Monthly Archives: December 2016

Product Placement

(Original edit of article for Taxi magazine).

Product Placement

The downturn in trade over the last few years should have made us more commercially aware, leading us to consider how to run our businesses more efficiently.  We now have at our disposal new ways of finding work, and new payment methods to utilise.  But, we need to keep on our guard for those who could benefit at our cost.  I now believe our licensing body did us a favour by forcing us to take credit cards, but by being so prescriptive, they’ve pushed us into commercial deals with providers of the necessary equipment.  Drivers have also realised that they’ve been forced into advertising, for which we receive no benefits.

Several weeks’ ago I received a mysterious cardboard package through the post. It was from TfL, and contained various stickers and instructions on their use.  I dutifully placed the stickers in the prescribed positions and thought no more about it.  In the days and weeks that followed I heard drivers complaining about one particular sticker that we display on the partition behind our heads.  It invites passengers to contact TfL should there be “any issues with paying”.  There is already information on the fare table detailing how to complain, so this appears superfluous.  Maybe there’s a touch of paranoia here, but this large sticker seems to be encouraging more complaints.  Maybe it was a shot across the bows to any remaining members of the plastic bag brigade; but the sign could also have warned passengers that we could complain about them should they abuse us or refuse to pay.  Or if they want to complain about the Cycle Superhighway.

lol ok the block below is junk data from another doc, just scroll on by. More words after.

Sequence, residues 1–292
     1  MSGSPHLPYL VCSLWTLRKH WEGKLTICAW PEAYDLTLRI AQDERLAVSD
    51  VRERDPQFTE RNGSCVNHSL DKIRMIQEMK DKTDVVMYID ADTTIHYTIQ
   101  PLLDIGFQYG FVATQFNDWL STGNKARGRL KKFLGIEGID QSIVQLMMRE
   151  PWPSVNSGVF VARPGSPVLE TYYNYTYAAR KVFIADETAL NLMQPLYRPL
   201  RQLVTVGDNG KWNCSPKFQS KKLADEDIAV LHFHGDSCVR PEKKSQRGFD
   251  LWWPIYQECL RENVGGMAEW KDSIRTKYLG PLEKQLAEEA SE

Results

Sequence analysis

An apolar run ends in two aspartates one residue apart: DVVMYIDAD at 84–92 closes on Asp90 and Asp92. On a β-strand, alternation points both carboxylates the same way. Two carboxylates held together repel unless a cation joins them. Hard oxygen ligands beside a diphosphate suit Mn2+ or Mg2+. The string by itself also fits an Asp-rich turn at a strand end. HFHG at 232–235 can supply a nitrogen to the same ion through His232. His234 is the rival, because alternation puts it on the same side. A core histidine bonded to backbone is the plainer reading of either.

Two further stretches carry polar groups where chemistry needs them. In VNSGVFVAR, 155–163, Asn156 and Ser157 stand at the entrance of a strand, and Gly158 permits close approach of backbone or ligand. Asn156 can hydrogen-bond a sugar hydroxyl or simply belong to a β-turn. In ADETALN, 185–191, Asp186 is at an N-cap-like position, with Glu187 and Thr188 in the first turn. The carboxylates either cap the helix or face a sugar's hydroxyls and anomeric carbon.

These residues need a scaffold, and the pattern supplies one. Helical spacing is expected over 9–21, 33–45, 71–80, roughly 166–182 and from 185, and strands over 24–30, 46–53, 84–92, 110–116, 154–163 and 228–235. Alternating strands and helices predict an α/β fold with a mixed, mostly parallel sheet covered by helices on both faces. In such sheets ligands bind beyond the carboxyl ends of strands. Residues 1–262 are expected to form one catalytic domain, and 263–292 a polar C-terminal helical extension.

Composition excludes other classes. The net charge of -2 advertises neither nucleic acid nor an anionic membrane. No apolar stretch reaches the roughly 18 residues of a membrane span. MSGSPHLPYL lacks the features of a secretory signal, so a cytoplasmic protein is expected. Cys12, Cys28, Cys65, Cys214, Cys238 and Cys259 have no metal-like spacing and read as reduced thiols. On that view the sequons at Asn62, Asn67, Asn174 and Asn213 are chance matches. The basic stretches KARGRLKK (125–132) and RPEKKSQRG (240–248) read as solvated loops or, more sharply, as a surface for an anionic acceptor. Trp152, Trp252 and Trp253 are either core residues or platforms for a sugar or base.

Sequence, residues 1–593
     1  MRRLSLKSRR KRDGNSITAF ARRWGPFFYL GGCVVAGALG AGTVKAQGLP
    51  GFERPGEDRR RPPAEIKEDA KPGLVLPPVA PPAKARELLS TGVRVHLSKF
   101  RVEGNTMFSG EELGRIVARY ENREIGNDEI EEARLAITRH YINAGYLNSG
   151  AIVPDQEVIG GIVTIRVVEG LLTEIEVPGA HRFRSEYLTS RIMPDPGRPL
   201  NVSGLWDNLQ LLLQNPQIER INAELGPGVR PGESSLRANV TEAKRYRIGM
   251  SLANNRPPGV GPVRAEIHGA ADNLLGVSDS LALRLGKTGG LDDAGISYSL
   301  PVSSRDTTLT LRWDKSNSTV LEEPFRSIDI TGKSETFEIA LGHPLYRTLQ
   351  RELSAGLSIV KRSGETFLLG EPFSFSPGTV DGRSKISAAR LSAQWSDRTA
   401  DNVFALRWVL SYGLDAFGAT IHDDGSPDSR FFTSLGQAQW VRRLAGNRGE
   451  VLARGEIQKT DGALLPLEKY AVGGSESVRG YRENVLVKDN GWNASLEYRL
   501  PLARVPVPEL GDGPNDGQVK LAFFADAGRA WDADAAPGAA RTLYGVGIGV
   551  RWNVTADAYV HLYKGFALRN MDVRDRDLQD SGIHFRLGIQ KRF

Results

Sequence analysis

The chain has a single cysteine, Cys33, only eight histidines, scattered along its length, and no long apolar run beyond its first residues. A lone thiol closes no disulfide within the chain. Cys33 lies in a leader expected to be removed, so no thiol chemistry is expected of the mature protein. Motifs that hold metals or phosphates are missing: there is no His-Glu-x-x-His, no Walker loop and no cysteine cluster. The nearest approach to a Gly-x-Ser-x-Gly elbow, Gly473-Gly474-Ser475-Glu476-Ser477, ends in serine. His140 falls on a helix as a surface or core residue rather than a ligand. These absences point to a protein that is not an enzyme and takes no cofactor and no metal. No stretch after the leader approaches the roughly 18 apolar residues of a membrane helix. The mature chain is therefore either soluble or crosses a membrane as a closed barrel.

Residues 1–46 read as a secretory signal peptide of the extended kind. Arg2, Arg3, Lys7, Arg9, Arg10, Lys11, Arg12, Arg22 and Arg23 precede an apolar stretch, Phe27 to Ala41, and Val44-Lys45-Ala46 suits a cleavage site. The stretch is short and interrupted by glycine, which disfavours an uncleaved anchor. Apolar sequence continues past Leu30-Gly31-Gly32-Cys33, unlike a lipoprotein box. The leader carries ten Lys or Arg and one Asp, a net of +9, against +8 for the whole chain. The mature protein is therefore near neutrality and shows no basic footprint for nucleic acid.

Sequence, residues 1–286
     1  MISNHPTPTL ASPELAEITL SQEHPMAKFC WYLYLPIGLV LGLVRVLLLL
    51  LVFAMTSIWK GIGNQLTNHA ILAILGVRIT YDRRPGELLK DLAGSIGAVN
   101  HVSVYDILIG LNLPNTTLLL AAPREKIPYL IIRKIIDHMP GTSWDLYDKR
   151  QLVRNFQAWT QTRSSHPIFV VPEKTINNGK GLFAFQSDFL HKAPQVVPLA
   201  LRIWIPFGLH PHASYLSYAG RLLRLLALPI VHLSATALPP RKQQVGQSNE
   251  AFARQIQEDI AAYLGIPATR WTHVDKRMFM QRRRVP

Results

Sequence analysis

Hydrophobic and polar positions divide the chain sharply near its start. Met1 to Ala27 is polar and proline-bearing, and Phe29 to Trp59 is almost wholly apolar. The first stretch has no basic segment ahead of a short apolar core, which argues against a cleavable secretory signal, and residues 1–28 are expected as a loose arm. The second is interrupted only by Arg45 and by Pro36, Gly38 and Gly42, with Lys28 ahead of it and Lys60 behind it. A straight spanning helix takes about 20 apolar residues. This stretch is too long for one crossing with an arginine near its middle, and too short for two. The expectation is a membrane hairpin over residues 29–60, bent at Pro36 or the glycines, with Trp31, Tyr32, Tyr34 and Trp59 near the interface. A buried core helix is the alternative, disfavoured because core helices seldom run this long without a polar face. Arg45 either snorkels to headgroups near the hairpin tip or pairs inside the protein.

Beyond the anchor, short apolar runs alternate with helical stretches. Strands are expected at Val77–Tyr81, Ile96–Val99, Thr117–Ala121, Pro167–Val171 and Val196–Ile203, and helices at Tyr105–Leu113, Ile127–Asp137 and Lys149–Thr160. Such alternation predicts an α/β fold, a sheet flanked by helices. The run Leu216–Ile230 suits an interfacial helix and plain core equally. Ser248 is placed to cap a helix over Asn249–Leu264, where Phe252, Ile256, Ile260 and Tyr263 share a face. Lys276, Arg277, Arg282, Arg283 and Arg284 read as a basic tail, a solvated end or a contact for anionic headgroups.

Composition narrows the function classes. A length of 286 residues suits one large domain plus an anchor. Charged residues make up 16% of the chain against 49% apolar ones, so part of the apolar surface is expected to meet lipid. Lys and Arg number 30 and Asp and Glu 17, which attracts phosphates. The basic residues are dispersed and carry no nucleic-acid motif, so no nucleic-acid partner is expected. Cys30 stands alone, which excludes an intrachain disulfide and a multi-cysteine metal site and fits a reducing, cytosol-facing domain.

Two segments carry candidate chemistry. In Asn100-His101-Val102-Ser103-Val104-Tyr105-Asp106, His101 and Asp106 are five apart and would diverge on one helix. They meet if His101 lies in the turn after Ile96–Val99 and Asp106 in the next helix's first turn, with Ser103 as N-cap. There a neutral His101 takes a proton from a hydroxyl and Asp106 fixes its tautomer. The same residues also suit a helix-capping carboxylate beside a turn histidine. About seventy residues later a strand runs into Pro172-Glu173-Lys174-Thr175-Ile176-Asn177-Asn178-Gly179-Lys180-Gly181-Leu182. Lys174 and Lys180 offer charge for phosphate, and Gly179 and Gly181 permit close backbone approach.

Drivers also mentioned the three stickers we have displaying symbols of certain credit cards we can accept.  Not all the cards we can accept are indicated on the stickers, so how were the four lucky companies chosen?  Had they paid TfL to advertise?  The next obvious question was:  shouldn’t they be paying me for displaying the advertisement?!   We seem to have unwittingly taken part in a product placement promotion!   But we were never asked if we wanted to take part, and we receive no remuneration.  Buses don’t carry advertisements for free: no-one does.

Some drivers choose to have advertising stickers covering the doors, or an all-over wrap.  Advertising doesn’t always look nice, but it’s always been our decision.  I don’t think the old Public Carriage Office would’ve approved those preposterous illuminated roof advertising boards, but TfL are fine with it; possibly because they charge drivers extra money for their annual inspection.